36. Heather says

    I am so glad Google popped this site up while searching! I am going to be a rebel and just freeze them!! You just saved me so much time, jars, and heat from blanching them! Freed up jars and time to can my pickled beets!!

  37. Mel says

    I too am going to be a rebel and skip the blanching!!! I just threw two quarts in the freezer!!! Yeah!!! So easy!! Thanx for the input everyone!!

    • says

      I don’t wash them – please see previous answers to this question. I’m off to update the post since I get this question a lot, ha! :)

  38. Tracy Erickson says

    My batch of green beans will be NOT be blanched – in the freezer they go! Thank you for this Huge time saver :)

  39. sharron says


  40. says

    I have frozen sweet corn this way for years. If you blanch sweet corn and take it out to cook it the corn is watery. So I think that most veggies can be frozen in this manner. So glad someone else thinks the same way I do.

  41. Bonnie says

    Sounds wonderful. I have always canned my beans. Will try this. My dumb question is so how do you cook them when you thaw them?

    • says

      Not a dumb question, Bonnie! I’d say you’ll need to experiment to see what your family likes. I’ve read people saying they just boil a bit and eat with butter, but they’re still too ‘frozen bean’ for us that way. Frozen beans for our family are best with a longer cooking method – like the slow cooked with bacon or in soups and stews. Play around and see what you like best!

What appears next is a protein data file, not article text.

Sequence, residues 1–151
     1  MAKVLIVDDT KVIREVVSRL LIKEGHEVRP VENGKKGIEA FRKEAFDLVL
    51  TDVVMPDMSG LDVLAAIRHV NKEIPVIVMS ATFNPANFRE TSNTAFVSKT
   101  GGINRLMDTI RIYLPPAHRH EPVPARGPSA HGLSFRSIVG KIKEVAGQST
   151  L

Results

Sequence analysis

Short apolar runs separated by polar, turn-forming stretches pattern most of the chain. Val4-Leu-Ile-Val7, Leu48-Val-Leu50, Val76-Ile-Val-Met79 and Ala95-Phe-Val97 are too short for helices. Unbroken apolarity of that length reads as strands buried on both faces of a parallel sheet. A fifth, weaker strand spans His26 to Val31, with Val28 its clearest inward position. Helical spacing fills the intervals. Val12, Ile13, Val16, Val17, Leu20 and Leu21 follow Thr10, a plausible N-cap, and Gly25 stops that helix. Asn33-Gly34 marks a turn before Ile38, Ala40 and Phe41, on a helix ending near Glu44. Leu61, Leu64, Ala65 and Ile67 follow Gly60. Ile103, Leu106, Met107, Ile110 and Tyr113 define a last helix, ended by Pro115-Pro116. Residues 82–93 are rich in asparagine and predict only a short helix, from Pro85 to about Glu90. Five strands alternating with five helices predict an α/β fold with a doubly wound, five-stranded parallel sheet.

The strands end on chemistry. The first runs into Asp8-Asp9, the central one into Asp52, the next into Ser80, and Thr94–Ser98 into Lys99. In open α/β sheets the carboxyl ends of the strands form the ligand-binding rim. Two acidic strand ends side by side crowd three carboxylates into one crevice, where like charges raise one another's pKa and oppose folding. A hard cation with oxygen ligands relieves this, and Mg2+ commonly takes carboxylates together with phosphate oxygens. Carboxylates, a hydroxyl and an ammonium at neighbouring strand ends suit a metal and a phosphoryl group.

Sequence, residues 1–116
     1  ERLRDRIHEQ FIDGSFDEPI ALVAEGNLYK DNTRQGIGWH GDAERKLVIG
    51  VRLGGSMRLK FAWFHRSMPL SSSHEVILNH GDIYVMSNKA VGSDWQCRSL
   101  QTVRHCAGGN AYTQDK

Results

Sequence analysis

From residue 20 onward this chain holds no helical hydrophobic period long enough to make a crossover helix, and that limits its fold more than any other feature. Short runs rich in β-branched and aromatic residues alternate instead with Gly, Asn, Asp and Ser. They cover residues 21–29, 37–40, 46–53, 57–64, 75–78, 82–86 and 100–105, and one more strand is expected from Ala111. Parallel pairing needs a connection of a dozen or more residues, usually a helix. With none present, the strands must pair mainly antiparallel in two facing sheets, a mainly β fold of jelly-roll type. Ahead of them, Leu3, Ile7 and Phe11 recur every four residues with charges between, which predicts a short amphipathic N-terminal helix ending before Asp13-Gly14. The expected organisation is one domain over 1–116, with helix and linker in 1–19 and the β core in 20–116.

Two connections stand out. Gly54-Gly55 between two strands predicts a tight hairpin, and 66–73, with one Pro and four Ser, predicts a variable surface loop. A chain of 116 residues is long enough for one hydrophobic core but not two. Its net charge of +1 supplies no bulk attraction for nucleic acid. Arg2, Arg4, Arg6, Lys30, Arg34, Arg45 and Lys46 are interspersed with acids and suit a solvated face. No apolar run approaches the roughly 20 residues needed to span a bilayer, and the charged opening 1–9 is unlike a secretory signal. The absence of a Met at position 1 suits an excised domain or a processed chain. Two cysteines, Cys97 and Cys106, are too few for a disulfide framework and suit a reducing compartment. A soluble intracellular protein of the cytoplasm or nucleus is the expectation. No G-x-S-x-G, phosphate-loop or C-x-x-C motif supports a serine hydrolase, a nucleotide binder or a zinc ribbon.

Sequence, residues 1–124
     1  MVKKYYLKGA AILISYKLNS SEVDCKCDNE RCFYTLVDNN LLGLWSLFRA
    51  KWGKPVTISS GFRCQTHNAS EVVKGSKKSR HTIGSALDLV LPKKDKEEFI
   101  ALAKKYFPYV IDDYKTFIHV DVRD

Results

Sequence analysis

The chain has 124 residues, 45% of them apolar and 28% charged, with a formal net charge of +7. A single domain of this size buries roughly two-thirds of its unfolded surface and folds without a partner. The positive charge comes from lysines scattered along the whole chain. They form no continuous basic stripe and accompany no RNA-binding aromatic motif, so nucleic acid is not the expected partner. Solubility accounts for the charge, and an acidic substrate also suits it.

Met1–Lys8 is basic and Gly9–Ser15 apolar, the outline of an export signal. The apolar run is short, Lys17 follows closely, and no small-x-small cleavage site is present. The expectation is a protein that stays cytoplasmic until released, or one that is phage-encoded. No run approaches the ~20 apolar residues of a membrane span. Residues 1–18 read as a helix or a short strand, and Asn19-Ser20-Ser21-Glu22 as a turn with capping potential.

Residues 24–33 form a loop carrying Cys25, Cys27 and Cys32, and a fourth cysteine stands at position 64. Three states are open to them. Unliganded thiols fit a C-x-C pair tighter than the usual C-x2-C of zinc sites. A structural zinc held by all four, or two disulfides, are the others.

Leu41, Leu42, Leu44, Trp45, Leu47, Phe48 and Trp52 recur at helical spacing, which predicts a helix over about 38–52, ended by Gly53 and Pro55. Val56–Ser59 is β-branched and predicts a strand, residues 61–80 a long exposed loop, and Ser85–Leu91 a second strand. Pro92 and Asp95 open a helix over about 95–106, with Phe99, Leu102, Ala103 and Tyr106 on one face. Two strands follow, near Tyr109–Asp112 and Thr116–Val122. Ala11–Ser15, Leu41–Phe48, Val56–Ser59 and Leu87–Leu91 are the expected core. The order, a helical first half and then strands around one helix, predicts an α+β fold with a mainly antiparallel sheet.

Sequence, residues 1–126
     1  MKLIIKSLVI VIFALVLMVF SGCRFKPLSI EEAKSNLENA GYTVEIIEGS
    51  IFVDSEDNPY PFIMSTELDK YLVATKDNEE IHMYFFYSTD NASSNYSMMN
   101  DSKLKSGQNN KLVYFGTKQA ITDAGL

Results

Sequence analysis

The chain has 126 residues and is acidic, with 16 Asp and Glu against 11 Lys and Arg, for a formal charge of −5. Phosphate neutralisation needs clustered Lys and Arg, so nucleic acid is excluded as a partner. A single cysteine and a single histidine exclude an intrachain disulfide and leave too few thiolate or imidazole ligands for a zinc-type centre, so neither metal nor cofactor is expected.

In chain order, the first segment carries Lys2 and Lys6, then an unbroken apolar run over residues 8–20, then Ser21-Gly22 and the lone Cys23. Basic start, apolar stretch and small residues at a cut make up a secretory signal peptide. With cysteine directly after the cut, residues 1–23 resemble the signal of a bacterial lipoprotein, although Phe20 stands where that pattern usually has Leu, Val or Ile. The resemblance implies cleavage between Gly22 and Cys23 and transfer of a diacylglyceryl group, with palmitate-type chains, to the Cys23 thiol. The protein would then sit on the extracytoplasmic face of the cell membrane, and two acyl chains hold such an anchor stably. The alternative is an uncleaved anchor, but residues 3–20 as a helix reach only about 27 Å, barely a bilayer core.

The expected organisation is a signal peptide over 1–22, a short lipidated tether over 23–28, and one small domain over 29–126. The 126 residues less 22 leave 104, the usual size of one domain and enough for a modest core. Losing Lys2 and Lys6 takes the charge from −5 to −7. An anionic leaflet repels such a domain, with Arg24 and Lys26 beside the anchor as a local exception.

42. joyce says

    Thank you, thank you, thank you. I only have a very small garden, 2 bean plants to give you an idea, but they are coming faster than the two of us can eat them. I just had a procedure done in the hospital 2 days ago, so cooking has not been on my agenda, my hubby has been eating out, he does not cook, and I would prefer he stay out of my kitchen. So I thought I would freeze some of the beans in 2 portion packs for us, but at the same time wondered if I had it in me to do this right now. Learning from you that I don’t have to blanch them first, what a god send for sure. So now that is exactly what I am about to do, probably enough on hand to do about 8 cups worth. Ciao, and thanks again.

  43. Sandy Janik says

    This is such a great idea! Seeing as I’m very new to all this, I have what may be a silly question. I haven’t heard of or used the ‘straw method’. How do you do that? It looks like you poke a hole in the bag and suck the air out. So what happens after that? Please help!

    • says

      If you click on the linked words in the post, Sandy, it will take you the post I originally wrote about the straw method (which is just what I named it, by the way – not anything official, so it’s not surprising you haven’t heard of it, ha!). You basically suck the air out of the baggie with a straw to lessen the ice crystals that form in the freezer. I do it with everything I freeze.

  44. Abigail Velez says

    Can you skip the step of chopping up the beans? I usually just cut the stems off and leave the beans long. Do you think this will somehow affect the beans if you don’t blanche them?

    • says